This evening BBC Radio 4′s Moral Maze is discussing the unrest in Egypt. I usually find this program to irritating to listen to. The panelist seem to consider that it is their soul objective to be obnoxious and insulting to the “witnesses”.
In describing tonight’s program the BBC web site asks: “Is it morally justifiable to tolerate or support unpleasant, authoritarian, undemocratic regimes because we feel the likely alternatives might prove worse for the citizens of Egypt.”
My answer is simple: NO! No because it is wrong to support unpleasant, authoritarian, undemocratic regimes. NO because we cannot know what the alternative will be. And NO because we have experience of what happens when revolution finally breaks out in countries where the West has connived to suppress democracy. i.e. the people despise the West along with the dictator which they have just thrown off.
The classic example of this is Iran. In 1953 the democratically elected government of Iranian Prime Minister Mohammad Mosaddegh was overthrown in a coup d’état instigated by the United States and the United Kingdom. Mohammad Reza Pahlavi was installed as Shāh and propped up by the United States until the revolution in 1977.
From what I have read the revolution was initially backed by a secular movement but militant Islamists used the chance to grab power. Secular Iranians tried to resist but were crushed by the new regime of Ayatollah Khomeini. They could have received help from the West but having been responsible for 20 years of their repression we were not trusted and there followed a caustic division between Iran and the West that lasts ’till this day. That is an example of what happens when we support unpleasant, authoritarian, undemocratic regimes because we feel the likely alternatives might prove worse.
We should support the people of Egypt in ejecting their dictator. If they then elect an authoritarian Islamist government then more fool them. At least the responsibility will not be ours and when they are finally in a position to reject authoritarianism we will be in a position to help.
More optimistically I believe that Egyptians will have learned from the experiences of Iran and Afghanistan and will reject outright Islamist rule though Islamists may have some role in a coalition. It is possible that Egypt could finally break the curse that has afflicted the Arab world for decades and start to modernise.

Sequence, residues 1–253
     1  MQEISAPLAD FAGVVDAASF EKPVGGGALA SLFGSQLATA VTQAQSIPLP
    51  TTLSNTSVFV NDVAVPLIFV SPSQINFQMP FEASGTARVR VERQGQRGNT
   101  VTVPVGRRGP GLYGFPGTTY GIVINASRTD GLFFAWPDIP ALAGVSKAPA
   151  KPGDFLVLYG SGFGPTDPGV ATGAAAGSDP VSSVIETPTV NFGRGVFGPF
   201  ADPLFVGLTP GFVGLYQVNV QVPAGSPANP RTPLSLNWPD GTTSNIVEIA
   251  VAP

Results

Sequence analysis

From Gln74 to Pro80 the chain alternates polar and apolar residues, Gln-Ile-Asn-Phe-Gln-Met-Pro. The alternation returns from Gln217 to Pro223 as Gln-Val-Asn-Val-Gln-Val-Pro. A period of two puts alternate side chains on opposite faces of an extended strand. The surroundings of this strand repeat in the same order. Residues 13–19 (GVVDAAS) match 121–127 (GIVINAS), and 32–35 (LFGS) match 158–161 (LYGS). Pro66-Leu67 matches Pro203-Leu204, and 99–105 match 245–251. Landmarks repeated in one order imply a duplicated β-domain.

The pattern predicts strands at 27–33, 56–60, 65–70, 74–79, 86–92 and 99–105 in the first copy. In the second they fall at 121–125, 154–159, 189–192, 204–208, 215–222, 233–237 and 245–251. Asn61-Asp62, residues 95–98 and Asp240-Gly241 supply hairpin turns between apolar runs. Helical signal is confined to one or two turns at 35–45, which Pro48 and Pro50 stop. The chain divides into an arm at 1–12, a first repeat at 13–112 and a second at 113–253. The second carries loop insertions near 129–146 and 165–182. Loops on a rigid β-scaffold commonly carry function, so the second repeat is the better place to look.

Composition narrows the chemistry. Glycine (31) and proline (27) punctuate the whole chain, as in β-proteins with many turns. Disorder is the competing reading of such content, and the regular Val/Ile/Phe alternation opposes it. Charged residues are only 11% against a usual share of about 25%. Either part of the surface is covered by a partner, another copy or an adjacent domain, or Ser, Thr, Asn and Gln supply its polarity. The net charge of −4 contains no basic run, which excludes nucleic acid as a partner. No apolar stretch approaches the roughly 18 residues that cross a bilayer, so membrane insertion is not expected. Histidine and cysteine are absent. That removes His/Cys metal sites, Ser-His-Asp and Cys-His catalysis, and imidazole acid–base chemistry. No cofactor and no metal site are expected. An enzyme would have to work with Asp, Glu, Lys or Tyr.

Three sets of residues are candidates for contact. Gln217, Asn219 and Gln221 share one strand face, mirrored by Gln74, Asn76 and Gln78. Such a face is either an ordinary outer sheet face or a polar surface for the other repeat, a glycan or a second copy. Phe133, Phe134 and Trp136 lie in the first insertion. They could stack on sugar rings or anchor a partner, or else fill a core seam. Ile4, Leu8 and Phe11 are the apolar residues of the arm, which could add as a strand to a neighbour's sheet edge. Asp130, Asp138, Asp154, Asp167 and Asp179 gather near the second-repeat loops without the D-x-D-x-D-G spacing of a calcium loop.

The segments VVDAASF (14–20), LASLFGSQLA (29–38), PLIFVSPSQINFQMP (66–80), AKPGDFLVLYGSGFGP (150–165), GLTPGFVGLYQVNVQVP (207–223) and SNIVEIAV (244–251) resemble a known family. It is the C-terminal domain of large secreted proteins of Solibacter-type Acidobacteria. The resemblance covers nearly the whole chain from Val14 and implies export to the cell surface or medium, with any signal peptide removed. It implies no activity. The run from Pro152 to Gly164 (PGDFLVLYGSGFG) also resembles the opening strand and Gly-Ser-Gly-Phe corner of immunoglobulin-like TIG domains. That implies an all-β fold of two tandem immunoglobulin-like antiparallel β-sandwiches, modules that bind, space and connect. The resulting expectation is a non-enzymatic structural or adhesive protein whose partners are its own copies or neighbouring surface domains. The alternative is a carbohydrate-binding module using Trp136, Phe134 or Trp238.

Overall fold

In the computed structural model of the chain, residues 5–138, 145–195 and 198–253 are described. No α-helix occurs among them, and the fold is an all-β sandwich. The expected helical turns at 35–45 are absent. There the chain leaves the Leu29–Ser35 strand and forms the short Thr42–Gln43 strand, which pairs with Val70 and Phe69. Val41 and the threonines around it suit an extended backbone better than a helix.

Imagine a middle east of modern democratic countries right on the border of the largest trading block in the world. I am talking of the European Union. While the world obsesses over whether China will supplant America as the largest economy in the world they overlook the fact that the EU has an economy larger than both. With the Arab world modernising trade would take off and this would be great news for Arabs and Europeans.
The financial crisis has caused market uncertainty and companies have been nervous about initiating capital projects. Investors are also unenthusiastic as many assets appear overpriced; there is even talk of a Chinese asset bubble. Consequently some sectors, such as insurance, are awash with capital.
If democracy were to blossom then this capital could find it’s way to infrastructure projects in the Arab world. There was speculation in The Economist in 2009 of solar powered electricity generation in the Sahara with the electricity transported to Europe across the Mediterranean. That is not going to happen while the region is ruled by unstable dictators.
Lastly consider the effect on the Arab / Israeli conflict. Today the subtext of much of Israel’s argument is that the Palestinians are just Arabs who are used to being oppressed and the Palestinians are no worse off than citizens of other Arab countries.
Imagine if Israel were surrounded by thriving democracies. Israel would be forced to confront it’s oppressive and racist policies toward the Palestinians. Could The United States continue to support the siege of Gaza or the ethnic cleansing of Palestinians? Shame on them if they did.